Anyone who knows me, knows how much I love dogs. I couldn’t imagine ever throwing anything but a stick for a dog. Until now. The first few times, I did the fake throw, which sometimes works. But there are some crafty bravo dogs out here that can see in your eyes if you are really gonna throw the stone. Luckily for me, they can’t see in my eyes how crap my aim is, and the times when the stone has actually left my hand has been enough to deter them from advancing. I can only hope that continues.
We have refined our technique now so that we brave a complete stop for the packs of angry dogs that chase us, which can be every few 100meters off the PanAmerican Hwy, and show them our full pockets. I jump off the bike and pull a full ‘don’t make me do it’ stance. If I spot them on the horizon, I do a Clint Eastwood stare from the front of Falkor while casually tossing a rock up and down and catching it (like I say, it’s a refined technique) and sometimes, that alone is enough to make them scamper. I am scared to know that they get worse in Peru. Lets just hope that either my scary stare or my aim gets better.
And Peru! Have you even looked at a map of South America? Of course I have many times, but now that I am just 2 weeks from her border, I realize how freaking huge that country is! I mean, it’s gonna take us 3 months to get through Peru! Three Whole Months! And of all of the worst fears I have harboured for this journey, Peru holds the healthy majority.
Oh man. I think we are gonna need a lot more chocolate.
Be careful when you are honest with yourself. You might just find out exactly what you are afraid of.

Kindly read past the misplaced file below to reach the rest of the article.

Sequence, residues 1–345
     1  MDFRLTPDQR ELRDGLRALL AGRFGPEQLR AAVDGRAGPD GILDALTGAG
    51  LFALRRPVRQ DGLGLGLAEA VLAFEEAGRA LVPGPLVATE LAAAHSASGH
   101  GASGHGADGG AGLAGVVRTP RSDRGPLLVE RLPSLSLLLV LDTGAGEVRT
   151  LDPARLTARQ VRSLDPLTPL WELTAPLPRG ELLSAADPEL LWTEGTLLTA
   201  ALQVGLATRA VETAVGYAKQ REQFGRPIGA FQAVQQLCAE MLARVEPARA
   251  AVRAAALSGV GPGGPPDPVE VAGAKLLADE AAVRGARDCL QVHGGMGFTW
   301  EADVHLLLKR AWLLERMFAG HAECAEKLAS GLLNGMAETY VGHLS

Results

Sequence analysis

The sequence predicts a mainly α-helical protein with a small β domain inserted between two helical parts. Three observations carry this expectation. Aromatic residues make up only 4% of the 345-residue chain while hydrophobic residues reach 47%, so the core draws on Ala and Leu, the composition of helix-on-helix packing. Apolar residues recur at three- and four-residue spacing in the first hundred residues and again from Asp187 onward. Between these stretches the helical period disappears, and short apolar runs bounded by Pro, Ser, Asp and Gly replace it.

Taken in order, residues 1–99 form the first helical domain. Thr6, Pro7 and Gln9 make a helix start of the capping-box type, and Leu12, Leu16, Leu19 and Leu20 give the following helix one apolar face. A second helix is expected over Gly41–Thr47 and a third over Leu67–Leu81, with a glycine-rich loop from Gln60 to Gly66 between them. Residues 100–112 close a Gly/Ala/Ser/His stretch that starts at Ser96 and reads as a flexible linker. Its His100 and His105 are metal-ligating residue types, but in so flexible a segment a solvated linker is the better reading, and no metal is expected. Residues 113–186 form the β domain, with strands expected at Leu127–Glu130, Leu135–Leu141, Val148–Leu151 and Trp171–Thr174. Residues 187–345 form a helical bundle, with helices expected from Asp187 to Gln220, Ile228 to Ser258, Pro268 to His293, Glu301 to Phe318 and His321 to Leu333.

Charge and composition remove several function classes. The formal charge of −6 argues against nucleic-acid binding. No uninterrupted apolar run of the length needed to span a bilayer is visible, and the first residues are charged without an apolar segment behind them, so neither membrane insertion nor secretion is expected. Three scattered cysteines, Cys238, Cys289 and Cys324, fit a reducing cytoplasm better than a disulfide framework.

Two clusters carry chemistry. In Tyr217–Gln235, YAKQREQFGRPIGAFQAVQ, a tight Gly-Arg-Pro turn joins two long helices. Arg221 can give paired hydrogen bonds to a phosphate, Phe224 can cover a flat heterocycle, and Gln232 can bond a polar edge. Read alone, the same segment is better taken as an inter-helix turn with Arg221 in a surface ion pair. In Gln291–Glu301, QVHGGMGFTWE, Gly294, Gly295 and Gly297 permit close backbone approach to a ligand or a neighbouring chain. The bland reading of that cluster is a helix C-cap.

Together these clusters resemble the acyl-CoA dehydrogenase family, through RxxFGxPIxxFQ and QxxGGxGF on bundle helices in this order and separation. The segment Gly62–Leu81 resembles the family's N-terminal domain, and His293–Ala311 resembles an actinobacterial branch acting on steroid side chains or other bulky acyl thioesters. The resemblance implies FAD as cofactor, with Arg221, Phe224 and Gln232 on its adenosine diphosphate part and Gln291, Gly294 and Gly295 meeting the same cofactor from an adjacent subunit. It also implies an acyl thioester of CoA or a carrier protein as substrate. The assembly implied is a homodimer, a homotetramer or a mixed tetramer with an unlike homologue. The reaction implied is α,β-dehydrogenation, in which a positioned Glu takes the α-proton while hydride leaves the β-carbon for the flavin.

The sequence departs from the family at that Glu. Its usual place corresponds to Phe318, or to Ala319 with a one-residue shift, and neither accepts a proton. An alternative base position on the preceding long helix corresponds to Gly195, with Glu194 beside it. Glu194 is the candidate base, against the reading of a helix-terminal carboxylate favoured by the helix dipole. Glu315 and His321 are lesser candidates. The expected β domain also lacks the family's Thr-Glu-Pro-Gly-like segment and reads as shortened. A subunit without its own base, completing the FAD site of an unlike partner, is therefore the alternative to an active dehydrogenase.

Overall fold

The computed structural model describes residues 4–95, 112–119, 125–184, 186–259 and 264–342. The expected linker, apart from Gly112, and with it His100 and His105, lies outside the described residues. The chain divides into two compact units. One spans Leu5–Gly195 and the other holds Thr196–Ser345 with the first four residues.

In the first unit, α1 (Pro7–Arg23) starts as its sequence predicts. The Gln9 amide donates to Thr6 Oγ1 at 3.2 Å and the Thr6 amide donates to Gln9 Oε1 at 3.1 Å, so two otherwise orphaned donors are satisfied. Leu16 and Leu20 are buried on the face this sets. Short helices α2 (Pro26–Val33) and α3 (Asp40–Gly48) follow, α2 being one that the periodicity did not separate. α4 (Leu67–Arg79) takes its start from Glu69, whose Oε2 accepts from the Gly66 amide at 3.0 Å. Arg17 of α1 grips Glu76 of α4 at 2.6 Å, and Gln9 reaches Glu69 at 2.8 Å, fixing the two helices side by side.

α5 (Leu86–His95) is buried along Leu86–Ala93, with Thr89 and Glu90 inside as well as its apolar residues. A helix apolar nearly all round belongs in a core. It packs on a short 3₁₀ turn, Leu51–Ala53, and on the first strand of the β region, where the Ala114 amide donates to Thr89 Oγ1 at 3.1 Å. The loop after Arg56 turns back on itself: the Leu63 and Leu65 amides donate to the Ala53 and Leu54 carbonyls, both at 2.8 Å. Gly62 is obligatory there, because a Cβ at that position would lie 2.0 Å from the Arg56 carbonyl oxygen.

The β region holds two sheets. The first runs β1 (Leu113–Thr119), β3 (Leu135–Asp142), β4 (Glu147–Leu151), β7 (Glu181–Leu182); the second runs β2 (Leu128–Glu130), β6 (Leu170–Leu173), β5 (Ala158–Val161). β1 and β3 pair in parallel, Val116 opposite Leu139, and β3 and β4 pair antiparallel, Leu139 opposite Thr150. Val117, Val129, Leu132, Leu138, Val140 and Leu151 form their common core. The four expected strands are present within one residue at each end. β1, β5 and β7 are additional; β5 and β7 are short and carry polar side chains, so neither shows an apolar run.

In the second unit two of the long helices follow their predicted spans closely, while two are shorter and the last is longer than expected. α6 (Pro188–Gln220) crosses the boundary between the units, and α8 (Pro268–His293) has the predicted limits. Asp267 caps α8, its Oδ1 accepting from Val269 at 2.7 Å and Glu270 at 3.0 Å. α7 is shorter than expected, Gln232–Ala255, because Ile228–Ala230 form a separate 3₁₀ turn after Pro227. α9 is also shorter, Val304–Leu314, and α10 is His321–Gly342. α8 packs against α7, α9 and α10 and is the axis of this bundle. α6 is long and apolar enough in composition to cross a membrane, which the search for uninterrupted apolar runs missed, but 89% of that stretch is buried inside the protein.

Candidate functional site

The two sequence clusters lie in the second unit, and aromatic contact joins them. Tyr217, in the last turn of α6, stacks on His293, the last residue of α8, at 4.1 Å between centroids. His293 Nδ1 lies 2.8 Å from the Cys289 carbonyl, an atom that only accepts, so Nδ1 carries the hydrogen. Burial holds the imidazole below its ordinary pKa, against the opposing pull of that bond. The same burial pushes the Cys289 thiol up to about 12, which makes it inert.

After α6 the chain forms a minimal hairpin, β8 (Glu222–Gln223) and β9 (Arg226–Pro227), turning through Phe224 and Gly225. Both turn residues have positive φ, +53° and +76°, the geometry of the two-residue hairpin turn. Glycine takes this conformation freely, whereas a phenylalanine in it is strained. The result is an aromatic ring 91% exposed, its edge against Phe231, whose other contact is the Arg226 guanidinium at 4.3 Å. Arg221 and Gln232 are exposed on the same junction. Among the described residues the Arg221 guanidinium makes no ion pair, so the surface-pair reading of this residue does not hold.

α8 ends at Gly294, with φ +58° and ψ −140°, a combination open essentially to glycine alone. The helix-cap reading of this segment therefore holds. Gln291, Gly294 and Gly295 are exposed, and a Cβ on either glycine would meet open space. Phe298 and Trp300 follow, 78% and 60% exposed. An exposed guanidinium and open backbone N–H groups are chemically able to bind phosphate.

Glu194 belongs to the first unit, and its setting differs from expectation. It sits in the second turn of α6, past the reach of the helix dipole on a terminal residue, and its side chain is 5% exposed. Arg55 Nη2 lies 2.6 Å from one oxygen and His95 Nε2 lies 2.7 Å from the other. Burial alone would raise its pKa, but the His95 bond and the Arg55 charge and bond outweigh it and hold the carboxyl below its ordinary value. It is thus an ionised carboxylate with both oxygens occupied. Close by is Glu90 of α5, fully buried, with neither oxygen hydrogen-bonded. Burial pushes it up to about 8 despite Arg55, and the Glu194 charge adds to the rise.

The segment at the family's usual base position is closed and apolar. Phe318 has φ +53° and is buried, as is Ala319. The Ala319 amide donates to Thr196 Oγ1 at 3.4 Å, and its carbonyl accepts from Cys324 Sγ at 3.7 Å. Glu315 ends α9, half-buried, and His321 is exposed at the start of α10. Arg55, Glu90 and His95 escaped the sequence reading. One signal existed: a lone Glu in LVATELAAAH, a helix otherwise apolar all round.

Sometimes I write the blog when we get connected to wifi, and sometime I write it in advance when the moment takes me. I wrote this blog from our very cold tent on 12th September.
Since leaving the Casa de Ciclista in Tumbaco on 9th September, we have ridden 6 days & travelled approx 264km in some of the most challenging conditions we have faced.
Some days for the sake of ones sanity, you need to get out of the tent and into a hotel.
Today we woke up at elevation 4,194m with the garmin reading 8degrees inside our hotel room.
Within an hour, we had climbed to 4,410m and the garmin read 10degrees. It does not measure wind chill factor, which was around 0degrees and blowing so strongly that we were shivering as we rode.
If you are having trouble imaging that elevation, the top of Mt Fuji is at 3786m. Now imagine riding a 100kg bike (with the added weight of 2 people) at more than 600 vertical metres above the top of Mt Fuji for an hour in gale-force winds. And there were no noodle shacks to stop at along the way.
Two days after writing this blog, I would also like to point out that thinking ‘I don’t know if I can do it’ is entirely different from thinking ‘I can’t do this’. Desperation and exhaustion is one thing. Giving up is something else altogether.